In 2014, the SEI blog has experienced unprecedented growth, with visitors in record numbers learning more about our work in big data, secure coding for Android, malware analysis, Heartbleed, and V Models for Testing. In 2014 (through December 21), the SEI blog logged 129,000 visits, nearly double the entire 2013 yearly total of 66,757 visits....

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The Latest Research from the SEI

The Latest Research from the SEI

• SEI Blog
Douglas C. Schmidt

As part of an ongoing effort to keep you informed about our latest work, I would like to let you know about some recently published SEI technical reports and notes. These reports highlight the latest work of SEI technologists in secure coding, CERT Resilience Management Model, malicious-code reverse engineering, systems engineering, and incident management. This post includes a listing of each report, author(s), and links where the published reports can be accessed on the SEI...

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A New Approach to Prioritizing Malware Analysis

A New Approach to Prioritizing Malware Analysis

• SEI Blog
Jose Morales

Every day, analysts at major anti-virus companies and research organizations are inundated with new malware samples. From Flame to lesser-known strains, figures indicate that the number of malware samples released each day continues to rise. In 2011, malware authors unleashed approximately 70,000 new strains per day, according to figures reported by Eugene Kaspersky. The following year, McAfee reported that 100,000 new strains of malware were unleashed each day. An article published in the October 2013...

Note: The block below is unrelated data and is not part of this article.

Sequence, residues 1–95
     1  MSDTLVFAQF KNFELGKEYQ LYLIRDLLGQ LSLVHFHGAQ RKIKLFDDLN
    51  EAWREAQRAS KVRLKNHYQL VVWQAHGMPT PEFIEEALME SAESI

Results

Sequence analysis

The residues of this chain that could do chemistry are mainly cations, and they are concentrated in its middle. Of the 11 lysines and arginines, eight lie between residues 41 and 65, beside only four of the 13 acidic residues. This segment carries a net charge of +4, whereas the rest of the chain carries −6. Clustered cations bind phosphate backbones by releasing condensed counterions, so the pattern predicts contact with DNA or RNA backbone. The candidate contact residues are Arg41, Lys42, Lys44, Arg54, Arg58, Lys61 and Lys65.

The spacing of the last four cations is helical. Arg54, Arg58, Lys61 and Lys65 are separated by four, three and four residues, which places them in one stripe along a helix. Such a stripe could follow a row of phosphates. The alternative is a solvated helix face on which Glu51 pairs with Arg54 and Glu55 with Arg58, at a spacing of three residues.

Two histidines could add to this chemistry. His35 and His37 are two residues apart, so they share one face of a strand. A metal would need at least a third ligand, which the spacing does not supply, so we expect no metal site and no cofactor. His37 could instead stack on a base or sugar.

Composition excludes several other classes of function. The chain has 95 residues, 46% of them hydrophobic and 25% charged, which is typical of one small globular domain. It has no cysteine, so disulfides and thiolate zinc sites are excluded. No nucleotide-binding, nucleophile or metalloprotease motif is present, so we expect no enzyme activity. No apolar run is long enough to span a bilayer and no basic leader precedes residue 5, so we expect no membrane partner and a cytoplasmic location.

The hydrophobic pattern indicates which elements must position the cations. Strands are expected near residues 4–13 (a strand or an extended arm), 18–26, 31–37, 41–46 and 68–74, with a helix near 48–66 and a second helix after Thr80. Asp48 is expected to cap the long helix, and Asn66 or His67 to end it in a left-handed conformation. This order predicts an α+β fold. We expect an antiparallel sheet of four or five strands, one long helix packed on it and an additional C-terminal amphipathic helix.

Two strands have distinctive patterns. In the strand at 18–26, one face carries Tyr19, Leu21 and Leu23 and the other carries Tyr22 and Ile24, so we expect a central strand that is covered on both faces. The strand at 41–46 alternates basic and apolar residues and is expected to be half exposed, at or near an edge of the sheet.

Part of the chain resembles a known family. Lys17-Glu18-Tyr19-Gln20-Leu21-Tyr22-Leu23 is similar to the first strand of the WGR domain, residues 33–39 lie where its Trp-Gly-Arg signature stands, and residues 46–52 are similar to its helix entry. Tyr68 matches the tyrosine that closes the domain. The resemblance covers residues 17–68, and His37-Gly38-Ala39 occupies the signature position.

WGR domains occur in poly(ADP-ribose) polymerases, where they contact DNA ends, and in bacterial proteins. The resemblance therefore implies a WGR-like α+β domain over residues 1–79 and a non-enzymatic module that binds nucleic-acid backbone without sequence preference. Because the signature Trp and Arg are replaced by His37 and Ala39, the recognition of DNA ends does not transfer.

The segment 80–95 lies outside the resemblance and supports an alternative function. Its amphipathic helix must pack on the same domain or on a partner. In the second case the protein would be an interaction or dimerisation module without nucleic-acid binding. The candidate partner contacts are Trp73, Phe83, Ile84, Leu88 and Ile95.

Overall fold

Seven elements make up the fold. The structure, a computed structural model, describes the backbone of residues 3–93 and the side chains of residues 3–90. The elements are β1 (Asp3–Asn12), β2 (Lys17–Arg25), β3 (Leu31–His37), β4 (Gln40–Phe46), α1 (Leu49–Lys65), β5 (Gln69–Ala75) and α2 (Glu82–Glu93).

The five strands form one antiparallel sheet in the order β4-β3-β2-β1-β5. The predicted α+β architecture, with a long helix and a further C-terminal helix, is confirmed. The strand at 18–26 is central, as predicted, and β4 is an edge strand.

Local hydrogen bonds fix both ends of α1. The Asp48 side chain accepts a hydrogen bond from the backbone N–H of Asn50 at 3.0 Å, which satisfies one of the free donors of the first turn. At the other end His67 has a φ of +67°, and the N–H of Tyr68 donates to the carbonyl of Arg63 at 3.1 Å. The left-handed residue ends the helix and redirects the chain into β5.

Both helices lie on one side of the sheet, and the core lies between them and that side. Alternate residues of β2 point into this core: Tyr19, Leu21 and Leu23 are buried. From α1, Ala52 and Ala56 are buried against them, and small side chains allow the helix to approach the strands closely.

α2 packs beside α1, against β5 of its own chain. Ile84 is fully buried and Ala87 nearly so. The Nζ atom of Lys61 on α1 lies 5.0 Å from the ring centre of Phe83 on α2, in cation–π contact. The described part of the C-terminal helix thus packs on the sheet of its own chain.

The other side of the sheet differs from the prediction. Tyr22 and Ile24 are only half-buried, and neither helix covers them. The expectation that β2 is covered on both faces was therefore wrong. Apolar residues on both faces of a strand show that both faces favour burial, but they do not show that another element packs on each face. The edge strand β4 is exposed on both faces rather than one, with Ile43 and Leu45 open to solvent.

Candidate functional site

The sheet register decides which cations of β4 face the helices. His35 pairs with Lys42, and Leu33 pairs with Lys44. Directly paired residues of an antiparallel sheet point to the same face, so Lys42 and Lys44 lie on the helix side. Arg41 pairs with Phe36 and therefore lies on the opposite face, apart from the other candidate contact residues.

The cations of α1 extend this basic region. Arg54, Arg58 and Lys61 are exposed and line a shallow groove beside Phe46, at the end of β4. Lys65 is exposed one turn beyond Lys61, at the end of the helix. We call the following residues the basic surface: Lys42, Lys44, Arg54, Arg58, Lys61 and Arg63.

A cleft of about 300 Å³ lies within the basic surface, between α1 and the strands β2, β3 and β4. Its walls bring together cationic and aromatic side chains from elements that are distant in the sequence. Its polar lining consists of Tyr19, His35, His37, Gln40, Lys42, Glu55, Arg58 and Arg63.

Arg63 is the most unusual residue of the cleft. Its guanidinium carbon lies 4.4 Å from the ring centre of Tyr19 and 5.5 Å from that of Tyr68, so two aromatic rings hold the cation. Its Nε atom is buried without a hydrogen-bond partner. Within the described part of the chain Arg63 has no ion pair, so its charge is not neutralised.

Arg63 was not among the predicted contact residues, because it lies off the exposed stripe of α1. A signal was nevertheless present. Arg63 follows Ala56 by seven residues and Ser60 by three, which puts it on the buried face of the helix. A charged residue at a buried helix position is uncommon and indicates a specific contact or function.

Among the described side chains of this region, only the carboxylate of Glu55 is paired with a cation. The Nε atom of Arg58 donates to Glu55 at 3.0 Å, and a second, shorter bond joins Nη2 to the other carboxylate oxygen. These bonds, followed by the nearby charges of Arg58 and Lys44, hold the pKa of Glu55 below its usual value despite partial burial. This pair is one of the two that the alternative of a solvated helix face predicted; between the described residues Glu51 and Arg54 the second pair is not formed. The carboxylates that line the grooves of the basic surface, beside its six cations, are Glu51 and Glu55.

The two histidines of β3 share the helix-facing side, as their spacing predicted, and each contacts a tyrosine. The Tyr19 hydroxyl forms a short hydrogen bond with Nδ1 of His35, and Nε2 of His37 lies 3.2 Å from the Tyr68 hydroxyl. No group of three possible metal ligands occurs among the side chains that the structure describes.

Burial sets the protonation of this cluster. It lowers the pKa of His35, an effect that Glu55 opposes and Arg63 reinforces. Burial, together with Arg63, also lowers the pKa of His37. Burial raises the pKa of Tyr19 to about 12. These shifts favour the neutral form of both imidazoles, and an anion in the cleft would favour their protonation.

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Provenance Inference in Software

Provenance Inference in Software

• SEI Blog
William Casey

Code clones are implementation patterns transferred from program to program via copy mechanisms including cut-and-paste, copy-and-paste, and code-reuse. As a software engineering practice there has been significant debate about the value of code cloning. In its most basic form, code cloning may involve a codelet (snippets of code) that undergoes various forms of evolution, such as slight modification in response to problems. Software reuse quickens the production cycle for augmented functions and data structures. So,...

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2013: The Research Year in Review

2013: The Research Year in Review

• SEI Blog
Douglas C. Schmidt

As part of our mission to advance the practice of software engineering and cybersecurity through research and technology transition, our work focuses on ensuring that software-reliant systems are developed and operated with predictable and improved quality, schedule, and cost. To achieve this mission, the SEI conducts research and development activities involving the Department of Defense (DoD), federal agencies, industry, and academia. As we look back on 2013, this blog posting highlights our many R&D accomplishments...

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Prioritizing Malware Analysis

Prioritizing Malware Analysis

• SEI Blog
Jose Morales

In early 2012, a backdoor Trojan malware named Flame was discovered in the wild. When fully deployed, Flame proved very hard for malware researchers to analyze. In December of that year, Wired magazine reported that before Flame had been unleashed, samples of the malware had been lurking, undiscovered, in repositories for at least two years. As Wired also reported, this was not an isolated event. Every day, major anti-virus companies and research organizations are inundated...